REPORTS of the F&B industry’s death earlier in 2020 have been greatly exaggerated, and for the next six months at least, expect dining out to continue as the national pastime. So say Singapore restaurateurs who believe the strong rebound of the past few months will continue even past the traditional peak festive season.
While there are caveats — with restaurants catering to large functions, CBD eateries and certain quick service concepts still hobbling along – it’s still not going to be easy to snag a weekend reservation at a hot restaurant anytime soon.
“We are looking ahead to 2021 with guarded optimism,” says Desmond Lim, chairman of the Les Amis group, who expects those already on solid footing to continue that way, while “segments dependent on tourism and those affected by WFH – especially in the CBD – would probably continue to be badly impacted.”
“Well-loved brands will continue to do disproportionately better,” says Wee Teng Wen, founder of the Lo & Behold Group. “In addition to strong local support, Singapore has also attracted many well-heeled visitors who continue to stay here well into 2021 – they have been a great support for our dining scene. Even when borders gradually open there could be a net inflow, as Singapore is comparatively safer and doing a brilliant job of attracting events such as the World Economic Forum.”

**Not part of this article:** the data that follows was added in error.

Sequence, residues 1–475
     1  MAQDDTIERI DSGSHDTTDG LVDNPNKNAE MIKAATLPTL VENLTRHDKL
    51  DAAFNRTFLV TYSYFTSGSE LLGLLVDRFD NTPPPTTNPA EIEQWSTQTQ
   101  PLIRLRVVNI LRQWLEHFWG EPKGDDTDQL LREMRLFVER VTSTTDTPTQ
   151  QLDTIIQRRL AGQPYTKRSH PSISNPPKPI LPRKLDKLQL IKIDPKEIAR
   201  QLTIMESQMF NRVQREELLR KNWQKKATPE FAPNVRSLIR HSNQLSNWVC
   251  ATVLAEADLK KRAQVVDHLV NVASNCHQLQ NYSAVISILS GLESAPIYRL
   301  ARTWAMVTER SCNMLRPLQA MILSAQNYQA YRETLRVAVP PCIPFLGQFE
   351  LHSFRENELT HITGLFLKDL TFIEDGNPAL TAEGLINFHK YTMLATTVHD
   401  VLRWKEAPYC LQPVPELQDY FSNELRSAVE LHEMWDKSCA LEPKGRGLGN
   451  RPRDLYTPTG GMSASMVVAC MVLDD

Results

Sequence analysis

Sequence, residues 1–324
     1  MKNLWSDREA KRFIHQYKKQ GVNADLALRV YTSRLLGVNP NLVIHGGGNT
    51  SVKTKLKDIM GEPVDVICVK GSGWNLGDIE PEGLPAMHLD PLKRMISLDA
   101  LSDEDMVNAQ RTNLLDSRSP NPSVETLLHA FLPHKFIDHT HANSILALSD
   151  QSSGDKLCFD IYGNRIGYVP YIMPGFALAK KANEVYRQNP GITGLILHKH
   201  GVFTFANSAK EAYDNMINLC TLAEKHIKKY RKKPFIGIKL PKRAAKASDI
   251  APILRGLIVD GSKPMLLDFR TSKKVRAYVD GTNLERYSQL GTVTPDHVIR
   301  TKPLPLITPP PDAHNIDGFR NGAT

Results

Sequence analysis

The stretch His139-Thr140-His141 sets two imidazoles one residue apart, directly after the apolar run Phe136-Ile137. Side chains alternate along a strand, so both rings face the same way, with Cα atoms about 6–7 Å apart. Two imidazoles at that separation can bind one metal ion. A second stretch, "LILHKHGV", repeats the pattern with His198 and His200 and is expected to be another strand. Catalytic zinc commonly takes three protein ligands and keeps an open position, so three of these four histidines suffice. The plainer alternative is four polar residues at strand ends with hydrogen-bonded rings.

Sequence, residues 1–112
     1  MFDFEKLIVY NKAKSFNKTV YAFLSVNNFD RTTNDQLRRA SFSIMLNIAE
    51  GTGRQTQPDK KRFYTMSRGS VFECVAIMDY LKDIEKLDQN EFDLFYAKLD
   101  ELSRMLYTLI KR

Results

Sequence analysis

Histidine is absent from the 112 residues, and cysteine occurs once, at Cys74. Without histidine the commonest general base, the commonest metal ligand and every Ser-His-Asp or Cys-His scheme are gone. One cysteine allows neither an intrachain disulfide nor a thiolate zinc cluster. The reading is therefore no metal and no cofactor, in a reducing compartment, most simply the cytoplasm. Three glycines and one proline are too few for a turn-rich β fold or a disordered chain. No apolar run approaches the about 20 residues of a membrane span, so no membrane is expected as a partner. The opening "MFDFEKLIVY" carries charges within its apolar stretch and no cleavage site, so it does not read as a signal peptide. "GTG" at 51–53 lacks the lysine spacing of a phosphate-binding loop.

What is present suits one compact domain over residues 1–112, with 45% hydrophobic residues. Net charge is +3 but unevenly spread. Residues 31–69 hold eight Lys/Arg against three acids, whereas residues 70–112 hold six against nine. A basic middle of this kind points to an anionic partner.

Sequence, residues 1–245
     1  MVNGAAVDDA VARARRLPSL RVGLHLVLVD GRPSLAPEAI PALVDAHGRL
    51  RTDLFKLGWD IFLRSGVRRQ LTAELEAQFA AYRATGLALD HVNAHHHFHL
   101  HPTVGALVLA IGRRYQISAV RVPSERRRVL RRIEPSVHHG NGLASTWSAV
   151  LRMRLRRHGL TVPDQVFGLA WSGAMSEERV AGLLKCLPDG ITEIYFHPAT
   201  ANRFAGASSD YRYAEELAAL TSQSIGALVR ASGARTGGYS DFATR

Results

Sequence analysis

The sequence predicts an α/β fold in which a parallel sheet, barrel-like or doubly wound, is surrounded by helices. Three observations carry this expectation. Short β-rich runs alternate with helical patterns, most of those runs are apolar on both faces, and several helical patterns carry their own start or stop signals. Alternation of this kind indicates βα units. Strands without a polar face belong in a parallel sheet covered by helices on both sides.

Loh Lik Peng, founder of The Unlisted Collection, believes that while business looks good in the new year, things might slow down in the later half of 2021. “Once borders open and people start travelling again we might see a drop, especially for the higher end of the market. Things have held up well because people have been spending money in Singapore instead of overseas. Joblessness has been kept to a minimum, allowing economic activity to resume quite strongly. If any of these legs gives way, then you will see a drop again, as we’ve seen in many other places so we should be cognizant that the recovery is fragile.”